Only 13 percent are paying for the extended support on Windows Server 2008
Nearly half of England’s local authorities are using unsupported software and systems, with 46 percent utilising Microsoft systems that are outside of their extended support period and thus no longer have the newest security patches.
The statistics were revealed by a Freedom of Information (FOI) request carried out by COMPAREX UK, which sent FOI’s into all of London’s Boroughs, Metropolitan and all of the County Councils in England.
They found that 24 percent of those that responded are running outdated system such Windows Server 2000, 2003 or Microsoft SQL server 2005. Only 13 percent meanwhile are paying for the extended support on Windows Server 2008.
Chris Bartlett, Business Unit Director – Public Sector at COMPAREX UK said: “By continuing to run out-of-date server software, many councils are exposing themselves to a host of security and compliance risks. The FOI data suggests that matters are slowly improving, as separate FOI requests to London Borough Councils back in 2016 showed that 70 per cent were running unsupported server software.”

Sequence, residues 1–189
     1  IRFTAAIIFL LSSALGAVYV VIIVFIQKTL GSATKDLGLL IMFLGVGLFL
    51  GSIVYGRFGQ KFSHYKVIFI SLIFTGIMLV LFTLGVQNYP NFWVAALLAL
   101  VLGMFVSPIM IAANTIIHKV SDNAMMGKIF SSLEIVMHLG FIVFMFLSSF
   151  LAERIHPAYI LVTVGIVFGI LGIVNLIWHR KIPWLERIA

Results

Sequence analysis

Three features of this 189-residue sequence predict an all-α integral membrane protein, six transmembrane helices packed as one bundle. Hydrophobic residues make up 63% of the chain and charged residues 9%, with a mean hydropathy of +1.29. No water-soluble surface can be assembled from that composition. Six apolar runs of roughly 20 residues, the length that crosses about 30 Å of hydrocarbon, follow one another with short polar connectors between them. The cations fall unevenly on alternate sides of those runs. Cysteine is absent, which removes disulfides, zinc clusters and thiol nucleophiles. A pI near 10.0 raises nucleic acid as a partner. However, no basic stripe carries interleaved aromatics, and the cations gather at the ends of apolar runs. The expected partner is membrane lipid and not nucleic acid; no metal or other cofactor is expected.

“However, with GDPR now in effect, councils need to be even more cognisant of vulnerabilities – especially considering the volume of citizen data they hold. With that in mind, it is important that risks are managed, and councils establish an upgrade strategy.”
Out of 32 borough councils in London ten admitted that they are running on unsupported systems. Every council that reported they were running on outdated systems told the company that they were planning to upgrade over the next few years.
Mr Bartlett stated that: “The FOI data presents a worrying picture. Only a handful of councils are currently paying for extended support, but it appears most are either unaware or are simply ignoring the risks of using unsupported software.”
“Councils need more detailed insight and greater visibility into their software estates, so they can make better informed upgrade decisions.”
“Many councils may also be delaying upgrades for fear of the potential cost and disruption they might incur. However, councils can no longer afford to stick their heads in the sand – they should be looking to upgrade as soon as possible.”